This post is part of a three post series on Docker
The concept of containers has been on the making for some time. Docker is currently available in two primary flavors namely, Docker for Linux and Docker for Windows based on the platform on which it is running. Docker for Mac is a version of Docker for Linux. It is also available on all cloud platforms such as Azure, AWS, Google Cloud and others. The Docker architecture is different based on the platform on which it is running.
Docker for Linux – Kernel Architecture
Docker for Linux uses a bunch of Linux constructs to enable containerization of applications. Some of these are
CGroups or control groups provides a mechanism to place a resource limit on a group of processes in Linux. These processes can be organized hierarchically as a tree of process groups, subgroups etc. Limits can be placed on shared resources such as CPU, Memory, network or Disk IO. CGroups also allow for accounting, checkpointing and restarting groups of processes. CGroups were originally implemented by the Engineers at Google in 2006 and was merged into the Linux kernel version 2.6.24, released in January 2008.
Namespaces – A namespace is an abstraction of a global resource such as filesystems, network access, process tree or user IDs. Linux namespaces are used to create process that are isolated from the rest of the system without the need to use low level virtualization technology. This provides a way to have varying views of the system for different processes.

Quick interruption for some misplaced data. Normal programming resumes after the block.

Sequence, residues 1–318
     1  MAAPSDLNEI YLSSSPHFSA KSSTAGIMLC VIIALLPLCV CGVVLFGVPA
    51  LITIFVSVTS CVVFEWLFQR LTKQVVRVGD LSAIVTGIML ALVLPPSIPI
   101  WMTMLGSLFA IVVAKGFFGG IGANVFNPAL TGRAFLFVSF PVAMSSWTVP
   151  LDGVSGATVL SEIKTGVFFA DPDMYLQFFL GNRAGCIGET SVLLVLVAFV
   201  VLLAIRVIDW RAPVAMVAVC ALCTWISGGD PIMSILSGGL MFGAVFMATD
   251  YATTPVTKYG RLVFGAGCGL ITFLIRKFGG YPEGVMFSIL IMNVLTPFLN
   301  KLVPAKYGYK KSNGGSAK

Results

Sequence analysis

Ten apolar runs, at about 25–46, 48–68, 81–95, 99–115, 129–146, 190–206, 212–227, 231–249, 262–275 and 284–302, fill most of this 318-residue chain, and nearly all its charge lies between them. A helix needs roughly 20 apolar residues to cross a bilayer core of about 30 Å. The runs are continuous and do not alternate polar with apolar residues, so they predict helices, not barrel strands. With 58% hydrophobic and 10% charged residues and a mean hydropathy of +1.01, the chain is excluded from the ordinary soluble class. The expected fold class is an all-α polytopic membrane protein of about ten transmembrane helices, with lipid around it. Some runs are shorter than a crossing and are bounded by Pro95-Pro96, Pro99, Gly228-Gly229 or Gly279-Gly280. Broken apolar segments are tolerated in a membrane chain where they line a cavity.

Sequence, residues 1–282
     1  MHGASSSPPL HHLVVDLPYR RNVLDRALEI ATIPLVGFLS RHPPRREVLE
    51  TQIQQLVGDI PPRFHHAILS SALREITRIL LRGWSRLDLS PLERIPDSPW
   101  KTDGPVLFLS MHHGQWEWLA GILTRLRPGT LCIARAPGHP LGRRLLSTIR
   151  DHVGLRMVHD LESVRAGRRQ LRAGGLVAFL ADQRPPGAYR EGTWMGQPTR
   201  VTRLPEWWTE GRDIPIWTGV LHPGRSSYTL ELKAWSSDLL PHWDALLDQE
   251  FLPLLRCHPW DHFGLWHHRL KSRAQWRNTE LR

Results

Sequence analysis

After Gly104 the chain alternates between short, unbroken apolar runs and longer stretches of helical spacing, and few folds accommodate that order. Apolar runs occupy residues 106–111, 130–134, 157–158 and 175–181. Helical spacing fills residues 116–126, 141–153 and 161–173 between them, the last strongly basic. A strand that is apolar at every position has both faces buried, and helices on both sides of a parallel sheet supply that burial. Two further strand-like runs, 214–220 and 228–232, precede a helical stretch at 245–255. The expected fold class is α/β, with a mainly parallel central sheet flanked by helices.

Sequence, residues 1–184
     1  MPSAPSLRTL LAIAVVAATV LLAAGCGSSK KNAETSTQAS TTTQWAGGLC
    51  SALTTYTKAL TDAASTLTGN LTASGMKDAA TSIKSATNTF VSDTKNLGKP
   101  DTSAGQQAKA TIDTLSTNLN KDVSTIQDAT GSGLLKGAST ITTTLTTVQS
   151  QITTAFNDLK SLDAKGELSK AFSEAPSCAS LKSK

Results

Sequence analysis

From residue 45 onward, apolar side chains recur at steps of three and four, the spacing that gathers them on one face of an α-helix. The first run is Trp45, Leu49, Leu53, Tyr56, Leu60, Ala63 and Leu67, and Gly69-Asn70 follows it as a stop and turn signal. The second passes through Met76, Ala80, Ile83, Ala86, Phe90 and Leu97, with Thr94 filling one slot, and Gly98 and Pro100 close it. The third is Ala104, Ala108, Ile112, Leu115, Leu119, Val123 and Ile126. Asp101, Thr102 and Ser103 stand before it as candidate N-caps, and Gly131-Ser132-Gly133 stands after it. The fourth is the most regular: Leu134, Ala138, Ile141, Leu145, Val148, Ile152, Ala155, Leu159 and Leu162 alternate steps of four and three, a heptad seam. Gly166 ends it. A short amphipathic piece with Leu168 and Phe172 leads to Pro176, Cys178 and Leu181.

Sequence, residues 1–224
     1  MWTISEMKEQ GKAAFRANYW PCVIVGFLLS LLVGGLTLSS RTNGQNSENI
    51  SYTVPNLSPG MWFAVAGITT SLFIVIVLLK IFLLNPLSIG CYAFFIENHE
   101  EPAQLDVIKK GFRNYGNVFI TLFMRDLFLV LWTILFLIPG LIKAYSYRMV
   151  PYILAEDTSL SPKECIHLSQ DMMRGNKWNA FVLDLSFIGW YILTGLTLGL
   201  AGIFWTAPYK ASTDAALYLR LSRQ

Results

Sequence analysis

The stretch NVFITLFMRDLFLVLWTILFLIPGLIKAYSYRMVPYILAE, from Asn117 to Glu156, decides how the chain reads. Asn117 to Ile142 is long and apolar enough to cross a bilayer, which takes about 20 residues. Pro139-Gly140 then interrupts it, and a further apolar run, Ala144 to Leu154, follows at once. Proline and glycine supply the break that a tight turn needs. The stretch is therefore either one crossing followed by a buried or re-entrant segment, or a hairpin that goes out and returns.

Union File System ( UFS) – The Union file system also called a Union Mount allows multiple file systems to be overlaid, appearing as a single files System to the user. Docker supports several UFS implementations AUFS, BTRFS, ZFS and others. The installed UFS system can be identified by running the Docker info command and checking the storage information. On my system the storage driver is aufs. Docker images are made up of multiple layers.. Each instruction adds a layer on top the existing layers. when a container is built , Docker adds a read write file system on top of these layers along with other settings.
The combination of the above technologies allowed the development of Linux Containers(LXC) which is a precursor to Docker.
Docker has two man components based on client server design communicating using HTTP. It also has an image store/repository.
Docker CLI – The Docker client or CLI is used to operate or control the Docker Daemon. The client may run on the container host or on remote client connected to the container host through http.
Docker Daemon – The Docker daemon is the middleware that runs, monitors and orchestrates containers.It works with the Docker CLI to build, ship and run containers. The user interacts with the Docker daemon through the Docker clinet
Docker Registry – This is a registry of images. It contains images, layers and metadata about the images. Docker hub is a public registry which hosts thousands of public images.